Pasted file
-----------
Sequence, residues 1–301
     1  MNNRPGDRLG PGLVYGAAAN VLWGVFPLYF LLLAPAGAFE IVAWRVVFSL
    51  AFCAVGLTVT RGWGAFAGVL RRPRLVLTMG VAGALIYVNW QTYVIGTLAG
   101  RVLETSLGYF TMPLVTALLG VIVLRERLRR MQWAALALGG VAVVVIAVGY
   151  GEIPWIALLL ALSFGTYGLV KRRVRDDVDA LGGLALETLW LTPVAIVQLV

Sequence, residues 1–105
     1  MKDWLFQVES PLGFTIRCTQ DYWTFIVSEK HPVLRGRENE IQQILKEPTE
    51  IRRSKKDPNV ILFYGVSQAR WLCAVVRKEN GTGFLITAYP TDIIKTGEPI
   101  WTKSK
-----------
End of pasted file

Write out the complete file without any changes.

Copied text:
Sequence, residues 1–301
     1  MNNRPGDRLG PGLVYGAAAN VLWGVFPLYF LLLAPAGAFE IVAWRVVFSL
    51  AFCAVGLTVT RGWGAFAGVL RRPRLVLTMG VAGALIYVNW QTYVIGTLAG
   101  RVLETSLGYF TMPLVTALLG VIVLRERLRR MQWAALALGG VAVVVIAVGY
   151  GEIPWIALLL ALSFGTYGLV KRRVRDDVDA LGGLALETLW LTPVAIVQLV

Sequence, residues 1–105
     1  MKDWLFQVES PLGFTIRCTQ DYWTFIVSEK HPVLRGRENE IQQILKEPTE
    51  IRRSKKDPNV ILFYGVSQAR WLCAVVRKEN GTGFLITAYP TDIIKTGEPI
   101  WTKSK